Moth Smoke – three unidentified flying objects

Over the last three weeks, the weather has been very odd in Bangalore. We had an extended spell of rain and some very wet days. And then some very warm nights — sleeping with the fan on at night in late November has certainly been a first. It’s been such unusual weather that even my grandmother has been talking of climate change.

The good thing, however, is that we had lots of toads visiting us to partake of the feast of flying termites — three or four biggish fellows and a hailstorm of really tiny ones that made me all queasy at the thought that I might accidentally trample them underfoot. Apart from that, fluorescent lighting attracted at least three interesting nocturnal visitors to the lobby of our apartment — gorgeous moths that beg to be identified.

Here they are. If you know their names, please do let me know who they are.

Tiny — about 2 cm across

Largish — about 8 cm across

Tiny — about 2 cm across



  • Beej

    Founder-editor of The Green Ogre, Beej began this blog as a solo writing project in 2006. A communications professional, he has worked as a corporate storyteller, journalist, travel writer, cartoonist and photo-blogger. He was formerly the founder-editor of Yahoo India's travel site.

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8 thoughts on “Moth Smoke – three unidentified flying objects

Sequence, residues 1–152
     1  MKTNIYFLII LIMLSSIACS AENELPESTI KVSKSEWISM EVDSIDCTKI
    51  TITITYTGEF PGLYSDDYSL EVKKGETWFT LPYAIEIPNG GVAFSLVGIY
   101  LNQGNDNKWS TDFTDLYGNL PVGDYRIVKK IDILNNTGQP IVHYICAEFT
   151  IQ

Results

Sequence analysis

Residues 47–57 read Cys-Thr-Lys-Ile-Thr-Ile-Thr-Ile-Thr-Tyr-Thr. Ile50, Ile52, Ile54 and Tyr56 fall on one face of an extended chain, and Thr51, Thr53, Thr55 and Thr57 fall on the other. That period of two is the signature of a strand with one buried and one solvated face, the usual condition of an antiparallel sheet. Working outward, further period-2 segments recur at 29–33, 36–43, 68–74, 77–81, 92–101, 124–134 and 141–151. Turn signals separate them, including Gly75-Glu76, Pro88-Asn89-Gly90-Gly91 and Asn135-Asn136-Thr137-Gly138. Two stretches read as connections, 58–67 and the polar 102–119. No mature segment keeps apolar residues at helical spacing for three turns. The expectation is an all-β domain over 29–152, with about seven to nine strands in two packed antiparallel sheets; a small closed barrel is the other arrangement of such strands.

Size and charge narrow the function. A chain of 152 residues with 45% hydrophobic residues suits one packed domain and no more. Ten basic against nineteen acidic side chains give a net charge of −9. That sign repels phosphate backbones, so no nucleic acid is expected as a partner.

1. I think there's something kind of wonderful about something that is common in one place, or even a pest and yet at exactly the same time, in another part of the world, an exciting find for someone else. Nature has a way of keeping us on our toes.

    All the best. Magz

  2. Anonymous again (UK) – The first moth is a Mung Moth – Maruca vitrata – (Fabricius, 1787)- Wingspan 28-34 mm.

    In the United Kingdon its a very rare vagrant or adventive species, possibly imported from the Tropics in leguminous vegetables. Abroad, it is a pest of these types of plant, where the larvae bore into the pods.

    Hope that helps!


  3. So did anyone identify the first moth? We found one in the kitchen in England, so it seems they can certainly spread their wings!

  4. thanks for sharing this article, it's and of course Thanks to Jonathan Balcombe for sharing his knowledge about the unknown moths.

    I have always been a fan of flying objects such as birds, butterflies and the like, and it makes me happy every time I encounter new species and names. this will go to my list.

  5. Dear Dr Balcombe,

    I'm honored to have you visit. Thank you for the praise for my blog and your tip to identify the moth.

    Your blog and website are fascinating, and so are the subjects of your research. Are your books available in India?

    Where have you traveled in India?


  6. Your blog is terrific. I have traveled in India and I always write about my travel experiences, many of which involve animals as I am a biologist/ethologist, birdwatcher, insectwatcher, etc.

    Pretty sure the 2nd moth is a sphynx moth, a member of the large Sphyngidae family.

    Jonathan Balcombe, PhD
    Germantown, MD

    Forthcoming: Second Nature: The Inner Lives of Animals (Palgrave Macmillan, March 2010)
    Forthcoming: Exultant Ark: A Pictorial Tour of Animal Pleasure (Univ of California Press, Sept 2010)

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